Visitors to Credit.com are also able to register for a free Credit.com account, which gives them access to a tool called The Credit Report Card. This tool provides users with two free credit scores and a breakdown of the information in their Experian credit report, updated twice monthly. Again, this tool is entirely free, and we mention that frequently in our articles, because we think that it’s a good thing for users to have access to data like this. Separate from its educational value, there is also a business angle to the Credit Report Card. Registered users can be matched with products and services for which they are most likely to qualify. In other words, if you register and you find that your credit is less than stellar, Credit.com won’t recommend a high-end platinum credit card that requires an excellent credit score You’d likely get rejected, and that’s no good for you or Credit.com. You’d be no closer to getting a product you need, there’d be a wasted inquiry on your credit report, and Credit.com wouldn’t get paid. These are essentially what are commonly referred to as "targeted ads" in the world of the Internet. Despite all of this, however, even if you never apply for any product, the Credit Report Card will remain free, and none of this will impact how the editorial team reports on credit and credit scores.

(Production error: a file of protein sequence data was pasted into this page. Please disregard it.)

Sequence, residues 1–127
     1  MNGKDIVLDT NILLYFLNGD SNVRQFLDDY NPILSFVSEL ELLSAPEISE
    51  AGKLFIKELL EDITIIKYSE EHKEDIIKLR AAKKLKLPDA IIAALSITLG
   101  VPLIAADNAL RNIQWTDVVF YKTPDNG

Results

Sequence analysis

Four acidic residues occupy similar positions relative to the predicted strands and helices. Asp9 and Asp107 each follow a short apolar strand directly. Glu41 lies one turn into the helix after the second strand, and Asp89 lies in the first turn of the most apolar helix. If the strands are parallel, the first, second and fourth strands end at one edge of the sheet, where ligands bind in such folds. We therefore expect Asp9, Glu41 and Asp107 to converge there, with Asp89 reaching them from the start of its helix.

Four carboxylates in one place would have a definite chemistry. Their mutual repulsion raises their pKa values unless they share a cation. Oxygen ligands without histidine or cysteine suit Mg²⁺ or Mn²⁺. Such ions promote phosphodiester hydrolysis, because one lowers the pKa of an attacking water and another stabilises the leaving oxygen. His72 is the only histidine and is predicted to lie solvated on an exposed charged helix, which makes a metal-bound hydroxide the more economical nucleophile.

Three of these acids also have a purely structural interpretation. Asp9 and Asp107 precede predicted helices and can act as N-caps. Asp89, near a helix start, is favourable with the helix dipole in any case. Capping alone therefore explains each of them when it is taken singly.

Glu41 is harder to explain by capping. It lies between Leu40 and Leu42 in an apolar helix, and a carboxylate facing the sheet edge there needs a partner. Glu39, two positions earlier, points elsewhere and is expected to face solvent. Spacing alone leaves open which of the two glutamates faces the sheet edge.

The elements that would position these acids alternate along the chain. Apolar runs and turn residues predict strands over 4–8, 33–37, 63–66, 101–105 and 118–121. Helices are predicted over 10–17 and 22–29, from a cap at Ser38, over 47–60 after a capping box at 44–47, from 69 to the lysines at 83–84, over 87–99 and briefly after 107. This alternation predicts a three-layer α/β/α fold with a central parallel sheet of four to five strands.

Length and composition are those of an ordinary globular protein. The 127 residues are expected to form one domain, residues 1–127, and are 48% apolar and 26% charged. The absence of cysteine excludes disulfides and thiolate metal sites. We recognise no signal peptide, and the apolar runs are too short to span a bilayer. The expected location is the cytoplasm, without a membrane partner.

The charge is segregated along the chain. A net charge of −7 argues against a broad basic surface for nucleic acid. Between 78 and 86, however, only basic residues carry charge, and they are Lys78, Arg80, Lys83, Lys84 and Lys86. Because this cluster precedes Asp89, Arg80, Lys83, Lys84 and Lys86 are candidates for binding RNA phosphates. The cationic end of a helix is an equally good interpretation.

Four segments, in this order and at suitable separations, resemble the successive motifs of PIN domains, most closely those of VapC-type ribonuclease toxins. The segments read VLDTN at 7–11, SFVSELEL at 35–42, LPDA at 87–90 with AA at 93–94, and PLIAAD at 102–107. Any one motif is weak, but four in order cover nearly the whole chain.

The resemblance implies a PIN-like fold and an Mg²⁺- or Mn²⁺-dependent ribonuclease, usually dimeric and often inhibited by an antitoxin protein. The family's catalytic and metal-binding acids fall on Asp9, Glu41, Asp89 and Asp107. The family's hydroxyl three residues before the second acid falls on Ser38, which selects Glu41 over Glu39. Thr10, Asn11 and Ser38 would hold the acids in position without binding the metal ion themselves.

Our Owners

Credit.com is owned by Progrexion Holdings Inc. which is the owner and administrator of a number of business related to credit and credit repair, including CreditRepair.com, and eFolks. In addition, Progrexion also provides services to Lexington Law Firm as a third party provider. Despite being owned by Progrexion, it is not the role of the Credit.com editorial team to advocate the use of the company’s other services. In articles, reporters may mention credit repair as an option, for example, but we’ll also be sure to note the various alternatives to that service. Furthermore, you may see ads for credit repair services on Credit.com, but the editorial team isn’t responsible for the creation or implementation of those ads, anymore than reporters for the New York Times or Washington Post are responsible for the ads on their sites.

Your Stories

Lastly, much of what we do is informed by our own experiences as well as the experiences of our readers. We want to tell your stories if you’re interested in sharing them. Please email us at story ideas [at] credit [dot] com with ideas or visit us on Facebook or Twitter.

Thanks for stopping by.

- The Credit.com Editorial Team